Do you practice season extension in your garden? Extending the season is what it sounds like – extending your growing season longer into the fall/winter (or earlier in the spring). Some common methods are floating row cover, cold frames, and hoop houses.
It rainy climates, such as Seattle, a hoop house will keep all that excessive rain off the plants. They will also protect your plants from the wind, raise the inside temperatures at least 10 degrees, and keeps frosts and heavy dew off tender leaves. (They don’t, however, eliminate slugs as I always hope everything will do. Logical or not.)It is our first year doing any official means of season extension. I have overwintered things over the years without taking any precautions. But kale doesn’t really count. The stuff grows here no matter what you do to it. This year I was committed to installing hoop houses. We have the raised beds. Adding a hoop house should be simple right?
Yes, I was right. It was ridiculously easy. I am kicking myself for not doing it years ago. Easy, Inexpensive. And the supports should last forever, the covering plastic a long, long time.
Even the Babylady helped. To make, we went to local orange box hardware store, which I loathe with a passion reserved for few very stores. But I was with the Babylady and the small hardware store I tend to use has small, narrow aisles. Perfect for one small child to pull crap off both sides of the aisle at the same time and causing me to have both a panic attack and a hot flash. So off to HD I went, child in tow.
Supplies needed: rebar stakes in 3 foot lengths (2 pieces for each pipe) , ½” PVC pipe in 10 foot lengths, 1” binder clips/bulldog clamps, and a roll of 6 mil plastic sheeting.
You’ll put a hoop every 4 feet or so. I didn’t measure but you want to divide up the bed you are trying to cover into roughly equal sections about 3-4 feet apart. I don’t think I’d go further than 4 feet as it will decrease the overall stability.
To put in hoop you’ll drive rebar stake in to ground on each side where you have decided to place your sections. I used just hand pressure but if you have more difficult soil you might need to drive it in with a hammer. Our raised beds are made of cinder blocks, so it was easy to drive them down into the hole. They aren’t all even in height but are all securely in the ground.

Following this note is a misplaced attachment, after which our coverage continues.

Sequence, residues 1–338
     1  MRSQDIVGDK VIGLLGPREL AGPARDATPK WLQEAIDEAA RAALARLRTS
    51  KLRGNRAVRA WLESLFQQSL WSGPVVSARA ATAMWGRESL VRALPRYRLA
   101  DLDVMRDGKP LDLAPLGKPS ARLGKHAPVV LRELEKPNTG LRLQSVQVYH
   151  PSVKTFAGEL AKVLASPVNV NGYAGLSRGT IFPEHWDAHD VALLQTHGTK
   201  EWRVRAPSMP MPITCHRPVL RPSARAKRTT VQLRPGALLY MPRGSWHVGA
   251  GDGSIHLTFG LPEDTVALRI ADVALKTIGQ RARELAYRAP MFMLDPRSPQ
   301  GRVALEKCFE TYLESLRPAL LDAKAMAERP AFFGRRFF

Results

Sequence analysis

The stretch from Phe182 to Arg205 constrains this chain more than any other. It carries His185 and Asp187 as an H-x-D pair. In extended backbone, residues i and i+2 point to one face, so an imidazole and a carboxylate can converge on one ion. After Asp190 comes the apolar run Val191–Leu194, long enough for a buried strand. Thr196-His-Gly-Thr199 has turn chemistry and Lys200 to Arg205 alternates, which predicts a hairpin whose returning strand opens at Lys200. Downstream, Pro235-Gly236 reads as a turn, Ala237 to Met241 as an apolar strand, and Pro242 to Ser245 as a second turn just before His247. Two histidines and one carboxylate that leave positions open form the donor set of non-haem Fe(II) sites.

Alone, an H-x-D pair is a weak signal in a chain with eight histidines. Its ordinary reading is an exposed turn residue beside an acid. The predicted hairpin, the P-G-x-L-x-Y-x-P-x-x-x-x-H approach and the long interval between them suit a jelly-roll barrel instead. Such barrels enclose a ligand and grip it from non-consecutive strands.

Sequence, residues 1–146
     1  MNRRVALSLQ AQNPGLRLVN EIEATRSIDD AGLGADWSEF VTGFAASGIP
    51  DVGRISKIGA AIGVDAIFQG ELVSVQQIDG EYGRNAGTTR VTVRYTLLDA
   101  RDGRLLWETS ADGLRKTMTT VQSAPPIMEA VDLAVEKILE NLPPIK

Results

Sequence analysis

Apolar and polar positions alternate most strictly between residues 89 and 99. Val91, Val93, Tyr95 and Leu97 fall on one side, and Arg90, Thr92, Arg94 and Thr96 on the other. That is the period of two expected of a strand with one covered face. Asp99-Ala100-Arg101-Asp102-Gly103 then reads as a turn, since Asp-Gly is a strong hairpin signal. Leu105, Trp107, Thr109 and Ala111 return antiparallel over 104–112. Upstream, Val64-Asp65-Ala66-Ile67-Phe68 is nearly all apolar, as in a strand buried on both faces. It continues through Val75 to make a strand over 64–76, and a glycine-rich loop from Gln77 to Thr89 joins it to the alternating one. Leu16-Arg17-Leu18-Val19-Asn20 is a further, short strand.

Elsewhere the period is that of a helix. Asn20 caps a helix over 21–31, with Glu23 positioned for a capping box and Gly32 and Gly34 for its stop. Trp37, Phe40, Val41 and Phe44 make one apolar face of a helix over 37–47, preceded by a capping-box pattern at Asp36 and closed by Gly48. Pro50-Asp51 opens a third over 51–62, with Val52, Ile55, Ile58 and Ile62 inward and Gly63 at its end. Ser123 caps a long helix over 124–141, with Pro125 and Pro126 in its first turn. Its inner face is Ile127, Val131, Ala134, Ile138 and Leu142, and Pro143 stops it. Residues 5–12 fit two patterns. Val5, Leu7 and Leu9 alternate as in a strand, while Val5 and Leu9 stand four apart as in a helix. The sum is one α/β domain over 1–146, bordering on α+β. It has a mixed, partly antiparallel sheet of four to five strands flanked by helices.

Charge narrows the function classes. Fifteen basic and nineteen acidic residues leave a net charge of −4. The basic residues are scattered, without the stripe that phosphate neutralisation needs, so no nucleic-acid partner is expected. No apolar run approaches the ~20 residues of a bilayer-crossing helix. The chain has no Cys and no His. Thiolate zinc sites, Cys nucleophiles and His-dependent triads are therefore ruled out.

Next you will slide one end of the pipe over a piece of rebar until the pipe touches the ground. Then grab it, bend it over (into hoop shape) and thread it over the opposite rebar until this end touches the ground.
Repeat this for each hoop section.
Unroll sheeting so that it will hang down over one end of your hoop house. Secure in place temporarily with binder clamps.
To determine length go to opposite end and make sure the sheeting will cover that end and cut. The sheeting should now cover the top and the sides and have an opening on each end. Just a little hint: The length you don’t really want to eyeball. Trust me. I did and it is ridiculously long so I ended up with a useless piece of plastic sheeting that is probably too small to do anything with and I’ll need to buy more. Boo.
Lastly, you’ll even the sheeting out from side to side. Apply binder clip to top center of each hoop to secure sheeting. Apply additionally clips to base of hoop on each side. To secure the ends grab a piece of each side and a bit off the middle and secure with binder clip.
On warm days you’ll want to open the tunnel ends to allow for air flow.
Don’t forget you’ll still need to water and manage pests (slugs, I’m looking at you!) as necessary.
I am hoping we can keep ourselves in lettuce, spinach, chard, and radishes for the winter!
*Interested in the making of our raised beds? Check here!